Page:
Under controlling Supreme Court precedent, the district court was not bound by the Delaware injunction. Donovan v. City of Dallas, 377 U.S. 408, 84 S.Ct. 1579, 12 L.Ed.2d 409 (1964), held that “state courts are completely without power to restrain federal-court proceedings in in personam actions.” Id. at 413, 84 S.Ct. 1579 (italics added); see also Hawthorne Sav. F.S.B. v. Reliance Ins. Co. of Ill., 421 F.3d 835, 851 (9th Cir.2005) (“[S]tate courts may never enjoin in personam proceedings in the federal courts.”), amended by 433 F.3d 1089 (9th Cir.2006). As Donovan elaborated, “it does not matter that the prohibition here was addressed to the parties rather than to the federal court itself.” 377 U.S. at 413, 84 S.Ct. 1579.
Nor would the principle of comity allow the district court to give effect to the Delaware court's injunction, as the district court supposed. The Delaware settlement may have a preclusive effect on the plaintiffs' federal action. But the Delaware court cannot enforce that preclusive effect via an injunction that reaches out to constrain the workings of the federal court. Cf. Baker v. Gen. Motors Corp., 522 U.S. 222, 235, 118 S.Ct. 657, 139 L.Ed.2d 580 (1998) (“Full faith and credit ․ does not mean that States must adopt the practices of other States regarding the time, manner, and mechanisms for enforcing judgments. Enforcement measures do not travel with the sister state judgment as preclusive effects do; such measures remain subject to the evenhanded control of forum law.”). As the Delaware court injunction simply cannot have the effect it purports to have, a federal court has no basis for giving it that effect, whether as a matter of comity or otherwise. Rather, as in other circumstances, federal courts are nearly always obliged to exercise their jurisdiction absent some recognized basis for not doing so. See New Orleans Public Serv., Inc. v. Council of New Orleans, 491 U.S. 350, 359, 109 S.Ct. 2506, 105 L.Ed.2d 298 (1989) (noting that “the federal courts' obligation to adjudicate claims within their jurisdiction [is] virtually unflagging” (internal quotation marks omitted)).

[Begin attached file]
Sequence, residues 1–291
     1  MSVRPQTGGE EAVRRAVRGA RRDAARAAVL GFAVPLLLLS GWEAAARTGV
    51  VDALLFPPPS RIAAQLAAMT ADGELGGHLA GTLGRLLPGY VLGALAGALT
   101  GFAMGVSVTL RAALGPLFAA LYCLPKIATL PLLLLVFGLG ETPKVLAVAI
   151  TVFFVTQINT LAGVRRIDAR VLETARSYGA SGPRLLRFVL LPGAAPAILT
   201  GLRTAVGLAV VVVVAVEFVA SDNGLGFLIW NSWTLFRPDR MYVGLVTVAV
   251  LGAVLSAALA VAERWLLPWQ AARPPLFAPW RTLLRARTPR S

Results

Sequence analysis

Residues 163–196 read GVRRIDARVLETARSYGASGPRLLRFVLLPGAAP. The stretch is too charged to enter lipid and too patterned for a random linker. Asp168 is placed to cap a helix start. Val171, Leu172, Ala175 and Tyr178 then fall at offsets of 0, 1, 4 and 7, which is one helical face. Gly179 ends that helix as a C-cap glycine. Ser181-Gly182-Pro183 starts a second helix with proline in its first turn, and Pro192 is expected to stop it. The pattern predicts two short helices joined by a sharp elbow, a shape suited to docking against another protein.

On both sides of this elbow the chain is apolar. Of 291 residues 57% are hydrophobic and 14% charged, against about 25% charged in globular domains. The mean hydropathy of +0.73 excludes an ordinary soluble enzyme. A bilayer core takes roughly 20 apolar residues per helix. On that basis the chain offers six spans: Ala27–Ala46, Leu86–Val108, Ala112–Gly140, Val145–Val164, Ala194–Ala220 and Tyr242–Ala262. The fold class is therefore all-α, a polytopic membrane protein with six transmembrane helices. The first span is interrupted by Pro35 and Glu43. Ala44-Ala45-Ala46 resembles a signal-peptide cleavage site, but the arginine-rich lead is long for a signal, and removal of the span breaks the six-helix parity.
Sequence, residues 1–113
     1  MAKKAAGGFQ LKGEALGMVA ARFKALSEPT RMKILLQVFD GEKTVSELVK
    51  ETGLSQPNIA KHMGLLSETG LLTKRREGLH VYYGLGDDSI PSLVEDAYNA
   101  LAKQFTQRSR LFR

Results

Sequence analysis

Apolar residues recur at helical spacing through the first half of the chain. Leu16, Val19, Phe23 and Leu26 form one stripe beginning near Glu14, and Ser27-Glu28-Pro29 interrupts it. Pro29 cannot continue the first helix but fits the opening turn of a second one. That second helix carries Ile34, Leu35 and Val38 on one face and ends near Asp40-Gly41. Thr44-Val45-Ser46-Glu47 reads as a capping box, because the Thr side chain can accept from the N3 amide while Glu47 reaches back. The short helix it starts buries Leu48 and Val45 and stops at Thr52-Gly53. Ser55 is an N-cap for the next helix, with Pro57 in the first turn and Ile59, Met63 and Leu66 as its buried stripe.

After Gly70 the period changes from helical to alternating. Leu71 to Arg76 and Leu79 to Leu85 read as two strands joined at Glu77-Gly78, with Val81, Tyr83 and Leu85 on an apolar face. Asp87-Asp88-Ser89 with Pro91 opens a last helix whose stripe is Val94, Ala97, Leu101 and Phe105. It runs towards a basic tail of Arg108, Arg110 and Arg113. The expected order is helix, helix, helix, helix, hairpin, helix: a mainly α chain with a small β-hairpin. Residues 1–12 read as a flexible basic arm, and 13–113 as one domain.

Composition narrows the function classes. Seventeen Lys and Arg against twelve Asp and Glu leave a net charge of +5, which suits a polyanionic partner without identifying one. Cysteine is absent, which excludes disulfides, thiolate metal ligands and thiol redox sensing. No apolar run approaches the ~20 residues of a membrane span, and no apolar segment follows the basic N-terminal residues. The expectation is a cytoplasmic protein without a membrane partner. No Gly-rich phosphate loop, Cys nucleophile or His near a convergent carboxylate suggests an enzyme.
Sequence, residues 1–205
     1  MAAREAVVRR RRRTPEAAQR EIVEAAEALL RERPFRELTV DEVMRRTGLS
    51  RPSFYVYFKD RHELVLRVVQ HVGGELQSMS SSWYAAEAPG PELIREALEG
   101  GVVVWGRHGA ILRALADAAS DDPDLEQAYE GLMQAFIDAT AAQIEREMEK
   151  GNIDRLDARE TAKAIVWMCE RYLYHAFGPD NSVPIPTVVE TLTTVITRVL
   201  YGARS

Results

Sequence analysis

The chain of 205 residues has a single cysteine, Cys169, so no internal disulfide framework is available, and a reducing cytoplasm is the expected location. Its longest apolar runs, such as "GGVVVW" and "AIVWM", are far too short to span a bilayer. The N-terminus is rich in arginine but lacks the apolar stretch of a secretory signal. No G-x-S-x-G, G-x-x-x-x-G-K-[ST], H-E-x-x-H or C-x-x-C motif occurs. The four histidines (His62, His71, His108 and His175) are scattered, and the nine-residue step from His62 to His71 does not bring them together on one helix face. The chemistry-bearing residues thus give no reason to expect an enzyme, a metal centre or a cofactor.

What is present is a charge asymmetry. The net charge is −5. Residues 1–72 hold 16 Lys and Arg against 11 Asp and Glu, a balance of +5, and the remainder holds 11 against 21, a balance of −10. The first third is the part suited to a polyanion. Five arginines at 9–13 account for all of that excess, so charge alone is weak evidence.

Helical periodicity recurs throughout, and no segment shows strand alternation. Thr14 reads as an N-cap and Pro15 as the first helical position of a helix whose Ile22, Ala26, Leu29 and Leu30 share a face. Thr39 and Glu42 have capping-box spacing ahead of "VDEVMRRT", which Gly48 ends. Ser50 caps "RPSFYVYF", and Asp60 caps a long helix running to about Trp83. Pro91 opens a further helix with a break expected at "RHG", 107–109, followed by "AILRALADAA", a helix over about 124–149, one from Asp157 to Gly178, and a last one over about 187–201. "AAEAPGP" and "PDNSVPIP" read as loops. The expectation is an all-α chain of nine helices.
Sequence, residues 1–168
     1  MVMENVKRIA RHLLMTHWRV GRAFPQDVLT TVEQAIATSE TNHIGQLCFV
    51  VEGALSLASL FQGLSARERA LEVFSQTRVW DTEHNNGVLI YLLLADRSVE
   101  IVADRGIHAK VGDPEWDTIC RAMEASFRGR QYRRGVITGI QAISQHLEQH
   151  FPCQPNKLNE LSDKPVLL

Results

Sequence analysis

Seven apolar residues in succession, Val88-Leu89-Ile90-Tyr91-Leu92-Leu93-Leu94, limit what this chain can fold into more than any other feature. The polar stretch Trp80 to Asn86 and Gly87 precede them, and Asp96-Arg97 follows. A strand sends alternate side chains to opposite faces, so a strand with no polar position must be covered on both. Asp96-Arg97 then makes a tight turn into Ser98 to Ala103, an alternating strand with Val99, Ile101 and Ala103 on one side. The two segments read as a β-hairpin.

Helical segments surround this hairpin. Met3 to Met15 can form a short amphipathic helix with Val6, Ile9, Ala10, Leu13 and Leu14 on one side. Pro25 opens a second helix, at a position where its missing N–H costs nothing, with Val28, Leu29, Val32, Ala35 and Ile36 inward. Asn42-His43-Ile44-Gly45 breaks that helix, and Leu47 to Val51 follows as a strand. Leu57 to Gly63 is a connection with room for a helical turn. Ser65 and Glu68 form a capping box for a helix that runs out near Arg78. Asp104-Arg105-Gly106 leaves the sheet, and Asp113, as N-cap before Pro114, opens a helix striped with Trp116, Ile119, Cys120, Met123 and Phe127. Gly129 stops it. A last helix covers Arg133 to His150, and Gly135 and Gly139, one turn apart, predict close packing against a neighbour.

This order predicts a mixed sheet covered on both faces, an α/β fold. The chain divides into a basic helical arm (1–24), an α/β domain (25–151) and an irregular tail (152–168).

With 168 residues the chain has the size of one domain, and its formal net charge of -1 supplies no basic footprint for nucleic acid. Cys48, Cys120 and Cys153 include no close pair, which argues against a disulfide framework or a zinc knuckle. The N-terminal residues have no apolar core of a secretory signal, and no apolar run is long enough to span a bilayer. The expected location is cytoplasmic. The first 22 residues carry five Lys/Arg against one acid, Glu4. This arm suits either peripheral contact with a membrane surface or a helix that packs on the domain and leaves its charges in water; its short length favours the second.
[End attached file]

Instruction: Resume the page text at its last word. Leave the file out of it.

We therefore reverse the district court's dismissal and grant of summary judgment as to claims (1) and (3) because 15 U.S.C. § 78bb(f)(3)(D) so required. The Delaware injunction, even assuming that the district court was bound first to consider its effect, did not restrict the district court on the basis of comity or otherwise from considering (and immediately remanding) the remaining claims. Whether the Delaware settlement bars these claims in California state court is a matter for the state court to determine on remand.
For the foregoing reasons, we AFFIRM the district court's order denying the plaintiffs' motion to remand the action as it existed at the time of removal to state court. We AFFIRM the district court's dismissal of claim (2), albeit on the alternative ground of SLUSA preclusion. We REVERSE the district court's order granting Ernst & Young's motion to dismiss and Vishay's motion for summary judgment on claims (1) and (3) and REMAND with instructions to remand this case to state court now that claim (2) has been dismissed.
AFFIRMED in part; REVERSED in part; REMANDED.